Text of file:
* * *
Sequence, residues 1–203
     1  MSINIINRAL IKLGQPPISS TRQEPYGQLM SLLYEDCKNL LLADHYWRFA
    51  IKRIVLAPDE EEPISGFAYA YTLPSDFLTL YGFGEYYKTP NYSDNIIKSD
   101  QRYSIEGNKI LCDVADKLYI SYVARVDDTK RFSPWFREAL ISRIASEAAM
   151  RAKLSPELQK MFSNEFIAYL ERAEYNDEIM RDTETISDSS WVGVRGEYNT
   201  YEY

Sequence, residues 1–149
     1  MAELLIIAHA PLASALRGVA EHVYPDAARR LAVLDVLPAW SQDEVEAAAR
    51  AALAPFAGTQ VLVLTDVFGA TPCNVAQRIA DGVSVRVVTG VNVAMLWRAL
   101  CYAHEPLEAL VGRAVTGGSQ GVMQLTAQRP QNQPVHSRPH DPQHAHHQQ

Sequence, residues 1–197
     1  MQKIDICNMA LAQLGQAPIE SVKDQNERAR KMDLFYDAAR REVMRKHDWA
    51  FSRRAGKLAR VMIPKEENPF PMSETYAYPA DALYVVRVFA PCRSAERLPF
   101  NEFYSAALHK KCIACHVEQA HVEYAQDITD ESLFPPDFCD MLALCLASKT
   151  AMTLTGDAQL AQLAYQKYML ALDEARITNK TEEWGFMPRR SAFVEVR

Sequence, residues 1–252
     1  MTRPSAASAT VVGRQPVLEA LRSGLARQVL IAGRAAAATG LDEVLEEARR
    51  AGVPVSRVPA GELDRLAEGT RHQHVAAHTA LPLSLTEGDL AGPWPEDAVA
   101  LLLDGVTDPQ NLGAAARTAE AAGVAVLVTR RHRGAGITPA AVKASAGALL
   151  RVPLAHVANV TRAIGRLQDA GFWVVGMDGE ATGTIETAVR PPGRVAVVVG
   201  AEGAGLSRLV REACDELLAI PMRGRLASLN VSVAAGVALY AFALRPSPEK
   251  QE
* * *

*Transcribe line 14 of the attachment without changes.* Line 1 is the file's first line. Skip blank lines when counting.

   101  NEFYSAALHK KCIACHVEQA HVEYAQDITD ESLFPPDFCD MLALCLASKT